It's pressed in snazzy orange marbled vinyl. So many things are pressed in colored vinyl now that I try not to be impressed by that, but I still like it.

I'm usually not super-fussy about these things, but the pressing and mastering sound really fine. It probably helps that, as a reviewer wrote, the longest side is just over thirteen and a half minutes in length.

I've been reading that the film is an excellent and very creepy horror/giallo. I hope it's available for streaming.

Thursday, July 9, 2020

Morricone 3

Today's platter spin: Giù la testa, AKA Duck, You Sucker! AKA A Fistful of Dynamite AKA Once Upon a Time...The Revolution

One of two Morricone western movie soundtracks in my vinyl collection. I've come to realize that I've seen few of the films associated with the Morricone soundtracks in my personal collection. I haven't seen The Chosen; my friend hipped me to Veruschka-poesia di una donna being on Youtube, but I haven't watched it entirely yet; I've seen just a few minutes of this film. I'm going to have to do better in this case. I know there's more soundtracks coming of which I've not seen the original film.

This one's from another Sergio Leone western. I think like many people, I'm not generally a fan of westerns, but I like those by Leone I've seen. Specifically, the so-called "Man with No Name" trilogy with Clint Eastwood.

Let me make an aside here, since it's only slightly off-topic. The Good, the Bad, and the Ugly is the most epic and lauded of those three films. And it's a great film. But I love how the plot and soundtrack music intermingle in For a Few Dollars More. The character El Indio has a pocketwatch that plays a music box melody. It's a beautiful, simple melody, clearly played on celesta. He gives another character the point when the music stops to draw his gun. Eyes lock, Leone-style. The celesta gives way classical guitar...then organ...than full orchestra with a prominent trumpet solo...then back to the celesta. It's one of the most effective convergences of music and plot I know in cinema.

This is supposed to be part of a trilogy that includes Once Upon a Time in the West and Once Upon a Time in America. Well, I question that, considering the latter was made thirteen years after this film.

Morricone is Morricone for sure here. Musical cues vary between lush orchestrations, weird cuteness, and outright bizarreness. Take the "Marcia Degli Accatoni" (I think). It starts with contrabassoon and a male voice uttering "mwah" in a frog-like tone. Enter, a bass recorder or ocarina of some sort. Add some strings and guitar, some sopranino (I'm guessing) recorder, and he even quotes Mozart's Eine Kleine Nachtmusik along the way. It would be disappointing if he composed a Leone western score in 1971 without having something this strange in it. Elsewhere in the cues there are also whistling, wordless or other nonsense syllables ("shum, shum, shum"), and some sort of electric or electronic keyboard (wasn't certain if it was a clavinet).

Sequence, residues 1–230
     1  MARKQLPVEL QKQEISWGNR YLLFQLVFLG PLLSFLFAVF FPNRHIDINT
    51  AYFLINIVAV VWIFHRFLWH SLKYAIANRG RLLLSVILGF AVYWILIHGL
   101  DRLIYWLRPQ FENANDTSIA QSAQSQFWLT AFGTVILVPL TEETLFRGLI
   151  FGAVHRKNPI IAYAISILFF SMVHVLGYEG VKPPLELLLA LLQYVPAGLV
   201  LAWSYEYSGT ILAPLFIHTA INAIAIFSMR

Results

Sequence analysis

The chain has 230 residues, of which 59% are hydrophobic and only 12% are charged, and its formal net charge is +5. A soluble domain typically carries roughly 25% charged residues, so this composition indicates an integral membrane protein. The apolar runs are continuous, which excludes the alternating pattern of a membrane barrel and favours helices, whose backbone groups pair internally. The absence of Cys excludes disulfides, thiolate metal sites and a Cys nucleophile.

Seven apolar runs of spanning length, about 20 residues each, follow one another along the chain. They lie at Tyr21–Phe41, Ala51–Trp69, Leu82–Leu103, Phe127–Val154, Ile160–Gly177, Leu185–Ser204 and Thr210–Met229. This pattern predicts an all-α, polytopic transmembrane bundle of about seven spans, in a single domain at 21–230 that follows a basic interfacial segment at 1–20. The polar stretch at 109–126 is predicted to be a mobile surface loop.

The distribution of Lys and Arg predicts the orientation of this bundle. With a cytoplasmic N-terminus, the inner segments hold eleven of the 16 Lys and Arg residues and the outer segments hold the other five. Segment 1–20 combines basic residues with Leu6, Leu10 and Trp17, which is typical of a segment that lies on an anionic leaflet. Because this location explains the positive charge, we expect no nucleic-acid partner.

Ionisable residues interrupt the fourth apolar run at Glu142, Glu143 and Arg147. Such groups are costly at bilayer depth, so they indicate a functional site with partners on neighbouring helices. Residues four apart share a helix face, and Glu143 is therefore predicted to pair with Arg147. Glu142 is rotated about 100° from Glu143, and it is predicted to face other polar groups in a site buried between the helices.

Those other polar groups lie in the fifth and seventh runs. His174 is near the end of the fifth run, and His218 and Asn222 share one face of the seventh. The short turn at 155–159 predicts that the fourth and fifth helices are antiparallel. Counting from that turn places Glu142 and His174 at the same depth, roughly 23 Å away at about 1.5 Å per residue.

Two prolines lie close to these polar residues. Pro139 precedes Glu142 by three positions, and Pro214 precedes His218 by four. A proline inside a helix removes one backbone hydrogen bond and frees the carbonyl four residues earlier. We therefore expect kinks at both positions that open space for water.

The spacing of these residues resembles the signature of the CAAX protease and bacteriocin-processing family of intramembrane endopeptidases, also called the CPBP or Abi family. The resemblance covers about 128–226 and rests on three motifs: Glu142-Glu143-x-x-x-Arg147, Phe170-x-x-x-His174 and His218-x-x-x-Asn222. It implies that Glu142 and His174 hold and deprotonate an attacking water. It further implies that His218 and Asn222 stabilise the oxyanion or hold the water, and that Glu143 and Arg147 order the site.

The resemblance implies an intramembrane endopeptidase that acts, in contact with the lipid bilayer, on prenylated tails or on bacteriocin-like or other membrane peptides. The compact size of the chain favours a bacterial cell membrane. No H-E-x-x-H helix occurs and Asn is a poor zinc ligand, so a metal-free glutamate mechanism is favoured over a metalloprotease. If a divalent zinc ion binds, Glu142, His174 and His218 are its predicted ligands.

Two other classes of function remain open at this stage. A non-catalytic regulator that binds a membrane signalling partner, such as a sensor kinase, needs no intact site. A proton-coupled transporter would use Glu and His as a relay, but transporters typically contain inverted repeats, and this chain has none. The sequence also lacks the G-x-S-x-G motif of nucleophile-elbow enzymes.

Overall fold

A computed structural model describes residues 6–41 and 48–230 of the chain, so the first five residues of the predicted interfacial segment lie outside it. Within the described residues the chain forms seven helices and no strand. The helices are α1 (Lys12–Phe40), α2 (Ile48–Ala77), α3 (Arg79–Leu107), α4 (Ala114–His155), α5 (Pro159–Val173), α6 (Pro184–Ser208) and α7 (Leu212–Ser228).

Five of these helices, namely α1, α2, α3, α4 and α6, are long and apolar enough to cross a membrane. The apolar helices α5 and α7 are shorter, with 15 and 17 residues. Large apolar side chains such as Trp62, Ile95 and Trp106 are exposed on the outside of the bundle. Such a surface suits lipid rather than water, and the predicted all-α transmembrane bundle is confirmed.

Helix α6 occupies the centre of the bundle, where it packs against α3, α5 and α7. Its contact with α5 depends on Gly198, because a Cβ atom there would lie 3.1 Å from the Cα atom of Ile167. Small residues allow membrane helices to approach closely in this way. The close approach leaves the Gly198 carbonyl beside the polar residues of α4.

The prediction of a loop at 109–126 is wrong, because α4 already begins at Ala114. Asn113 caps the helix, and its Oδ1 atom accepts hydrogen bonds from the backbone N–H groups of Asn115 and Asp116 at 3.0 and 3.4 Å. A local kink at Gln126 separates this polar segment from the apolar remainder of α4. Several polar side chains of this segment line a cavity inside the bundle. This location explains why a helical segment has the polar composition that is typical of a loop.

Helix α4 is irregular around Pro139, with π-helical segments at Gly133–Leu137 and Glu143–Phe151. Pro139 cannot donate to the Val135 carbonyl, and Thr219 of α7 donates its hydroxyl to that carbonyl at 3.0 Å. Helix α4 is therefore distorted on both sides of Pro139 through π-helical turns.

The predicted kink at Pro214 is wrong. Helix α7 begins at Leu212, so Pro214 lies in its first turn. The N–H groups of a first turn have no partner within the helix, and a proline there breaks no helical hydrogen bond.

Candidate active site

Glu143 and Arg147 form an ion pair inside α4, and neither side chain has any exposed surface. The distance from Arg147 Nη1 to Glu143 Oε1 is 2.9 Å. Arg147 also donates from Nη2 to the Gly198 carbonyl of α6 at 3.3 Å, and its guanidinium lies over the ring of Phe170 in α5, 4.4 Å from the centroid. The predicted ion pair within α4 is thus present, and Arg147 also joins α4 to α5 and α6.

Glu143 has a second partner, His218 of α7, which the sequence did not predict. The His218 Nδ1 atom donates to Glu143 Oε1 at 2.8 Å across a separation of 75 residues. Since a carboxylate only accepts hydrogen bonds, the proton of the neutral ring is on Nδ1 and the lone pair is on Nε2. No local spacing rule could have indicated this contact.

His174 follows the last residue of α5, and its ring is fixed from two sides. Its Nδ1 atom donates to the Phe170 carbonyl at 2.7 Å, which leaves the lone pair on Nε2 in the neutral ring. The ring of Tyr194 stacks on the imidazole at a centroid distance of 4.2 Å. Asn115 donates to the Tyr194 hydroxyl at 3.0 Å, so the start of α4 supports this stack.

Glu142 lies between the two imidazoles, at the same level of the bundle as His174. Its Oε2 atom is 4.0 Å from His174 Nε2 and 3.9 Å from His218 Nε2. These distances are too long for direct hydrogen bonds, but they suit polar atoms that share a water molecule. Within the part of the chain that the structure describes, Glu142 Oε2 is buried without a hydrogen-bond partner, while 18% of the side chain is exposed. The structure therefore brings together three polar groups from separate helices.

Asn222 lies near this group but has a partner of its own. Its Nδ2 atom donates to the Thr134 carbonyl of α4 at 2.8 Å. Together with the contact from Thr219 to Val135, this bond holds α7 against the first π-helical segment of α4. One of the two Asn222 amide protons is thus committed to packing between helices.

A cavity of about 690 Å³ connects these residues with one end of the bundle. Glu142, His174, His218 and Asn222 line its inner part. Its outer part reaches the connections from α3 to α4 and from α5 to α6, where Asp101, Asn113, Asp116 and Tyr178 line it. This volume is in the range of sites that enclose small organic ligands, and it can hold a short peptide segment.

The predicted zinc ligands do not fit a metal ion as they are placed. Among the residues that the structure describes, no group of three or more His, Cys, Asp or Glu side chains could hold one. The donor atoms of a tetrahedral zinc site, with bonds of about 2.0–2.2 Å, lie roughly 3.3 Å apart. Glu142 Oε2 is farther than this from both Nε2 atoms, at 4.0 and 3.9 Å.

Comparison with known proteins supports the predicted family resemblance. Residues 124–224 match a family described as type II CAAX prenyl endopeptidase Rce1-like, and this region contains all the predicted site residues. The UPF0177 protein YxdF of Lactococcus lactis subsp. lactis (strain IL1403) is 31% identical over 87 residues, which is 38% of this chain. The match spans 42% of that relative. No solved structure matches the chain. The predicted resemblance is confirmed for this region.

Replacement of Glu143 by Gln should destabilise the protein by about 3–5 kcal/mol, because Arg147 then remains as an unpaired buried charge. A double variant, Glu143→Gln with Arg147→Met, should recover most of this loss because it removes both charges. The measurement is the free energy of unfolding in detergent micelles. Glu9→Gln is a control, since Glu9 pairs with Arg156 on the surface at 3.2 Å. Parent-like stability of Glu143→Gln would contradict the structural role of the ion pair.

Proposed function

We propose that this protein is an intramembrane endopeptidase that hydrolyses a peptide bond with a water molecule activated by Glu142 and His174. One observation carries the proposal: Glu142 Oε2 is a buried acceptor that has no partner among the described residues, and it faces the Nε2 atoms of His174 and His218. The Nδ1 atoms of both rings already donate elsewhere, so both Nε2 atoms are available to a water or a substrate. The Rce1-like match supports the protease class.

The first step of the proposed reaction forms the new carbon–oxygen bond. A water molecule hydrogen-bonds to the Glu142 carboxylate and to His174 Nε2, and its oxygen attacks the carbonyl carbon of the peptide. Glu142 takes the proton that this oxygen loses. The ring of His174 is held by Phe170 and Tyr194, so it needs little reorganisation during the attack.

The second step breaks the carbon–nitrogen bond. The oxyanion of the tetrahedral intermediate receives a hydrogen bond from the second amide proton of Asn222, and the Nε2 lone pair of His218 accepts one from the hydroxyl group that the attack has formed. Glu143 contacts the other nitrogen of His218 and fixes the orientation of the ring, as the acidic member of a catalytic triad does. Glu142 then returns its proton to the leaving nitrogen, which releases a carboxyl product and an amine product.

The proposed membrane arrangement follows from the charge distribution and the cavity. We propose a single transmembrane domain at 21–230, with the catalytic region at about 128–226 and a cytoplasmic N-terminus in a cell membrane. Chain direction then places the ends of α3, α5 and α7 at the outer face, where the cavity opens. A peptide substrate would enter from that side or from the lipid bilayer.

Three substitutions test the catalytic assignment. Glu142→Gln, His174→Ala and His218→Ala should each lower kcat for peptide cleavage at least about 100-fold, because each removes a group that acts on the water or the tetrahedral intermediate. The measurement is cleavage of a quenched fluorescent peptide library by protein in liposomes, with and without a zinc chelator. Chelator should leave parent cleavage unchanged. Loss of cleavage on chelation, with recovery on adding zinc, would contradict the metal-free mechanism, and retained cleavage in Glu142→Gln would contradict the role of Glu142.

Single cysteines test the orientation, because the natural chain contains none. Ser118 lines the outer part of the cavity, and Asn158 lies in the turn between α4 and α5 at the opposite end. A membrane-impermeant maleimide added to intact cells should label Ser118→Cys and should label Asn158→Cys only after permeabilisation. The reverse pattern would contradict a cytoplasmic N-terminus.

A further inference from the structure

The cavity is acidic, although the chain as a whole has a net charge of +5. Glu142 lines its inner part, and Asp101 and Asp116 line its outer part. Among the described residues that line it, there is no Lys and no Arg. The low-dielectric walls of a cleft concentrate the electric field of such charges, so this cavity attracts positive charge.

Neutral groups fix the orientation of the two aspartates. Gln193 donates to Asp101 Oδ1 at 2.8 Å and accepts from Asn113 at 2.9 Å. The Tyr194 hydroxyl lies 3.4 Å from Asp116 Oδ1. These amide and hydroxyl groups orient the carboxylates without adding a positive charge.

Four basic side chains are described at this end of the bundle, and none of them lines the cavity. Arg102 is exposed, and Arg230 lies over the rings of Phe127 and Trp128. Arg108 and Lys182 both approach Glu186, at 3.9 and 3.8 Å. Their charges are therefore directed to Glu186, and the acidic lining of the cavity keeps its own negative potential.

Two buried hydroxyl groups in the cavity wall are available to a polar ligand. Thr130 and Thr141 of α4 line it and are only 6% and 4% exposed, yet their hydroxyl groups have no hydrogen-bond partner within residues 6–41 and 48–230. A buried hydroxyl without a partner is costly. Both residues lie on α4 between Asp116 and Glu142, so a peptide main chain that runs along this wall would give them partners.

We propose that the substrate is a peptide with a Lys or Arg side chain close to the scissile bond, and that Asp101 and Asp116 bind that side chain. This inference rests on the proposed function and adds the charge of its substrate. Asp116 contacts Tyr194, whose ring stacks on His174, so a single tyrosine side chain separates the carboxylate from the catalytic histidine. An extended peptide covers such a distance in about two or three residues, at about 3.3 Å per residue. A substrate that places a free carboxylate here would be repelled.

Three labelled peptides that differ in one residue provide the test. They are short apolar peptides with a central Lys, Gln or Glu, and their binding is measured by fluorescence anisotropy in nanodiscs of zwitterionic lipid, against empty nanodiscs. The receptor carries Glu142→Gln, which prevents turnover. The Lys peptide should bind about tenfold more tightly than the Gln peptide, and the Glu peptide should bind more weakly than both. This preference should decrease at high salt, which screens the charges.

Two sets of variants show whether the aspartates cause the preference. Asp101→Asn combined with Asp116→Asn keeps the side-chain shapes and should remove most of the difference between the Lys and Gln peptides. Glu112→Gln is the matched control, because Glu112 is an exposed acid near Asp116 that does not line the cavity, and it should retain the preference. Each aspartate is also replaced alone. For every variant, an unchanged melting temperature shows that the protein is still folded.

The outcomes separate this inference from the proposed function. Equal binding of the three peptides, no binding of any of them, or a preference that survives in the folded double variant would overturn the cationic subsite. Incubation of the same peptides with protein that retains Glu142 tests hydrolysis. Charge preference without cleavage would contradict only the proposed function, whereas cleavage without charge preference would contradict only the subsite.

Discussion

One of my unrealized projects, specifically for OPEK, was a performance of music entirely drawn from film soundtracks. I already had arrangements of cues or themes from Taking of Pelham 123, Last Tango in Paris, Godzilla vs. Mothra. As I'm listening, there's a long track in the second half of the score, "Invenzione per John," that might have made an interesting arrangement for that band. It wouldn't exactly be a representative Morricone work, but then, I'm not sure any other piece is either.

Just after writing that, I read on the Wikipedia page for this film that Elvis Mitchell loved this score and made special mention of that particular cue as well. It is quite beautiful, so of course the next track on the album is the most jarring.

I bought my copy at Jerry's Records, to the surprise of nobody who knows Jerry's. I think it was an unsold auction item that he let me pick out his bins before putting it out on the racks. I could be wrong about that. I remember fewer and fewer circumstances where I bought my records. I still love Jerry's Records but I miss having Jerry himself there!

If I was making my mixtape of Morricone favorites, I'd definitely pull a few selections off of this one.

Wednesday, July 8, 2020

Ennio Morricone 2

Going in no particular order, next up is the album Veruschka (soundtrack to Veruschka-Poetry of a Woman, AKA Veruschka-poesia di una donna), 1971 (original film release). 2LP.

There's little in the way of a description of this film on the IMDB page: "Fashion photographer Franco Rubartelli's visually lush and moody head film about European supermodel Veruschka."

I can't say whether this is a documentary in any true sense of the word. The music must have been important for the film, considering there's as much of it as there is. The instrumentation, as best as I can tell, is piano, strings (possibly string quartet, maybe more, probably not full string orchestra), harp, flute, electric bass, guitar, drums plus various percussion and mallets. Late in the score there's a clearly improvised track including trumpet. That is most likely Ennio himself.

The only thing I can glean from the content of the film is that Veruschka appears in no fewer than four different body paints, based on the front and back covers and B and D side labels.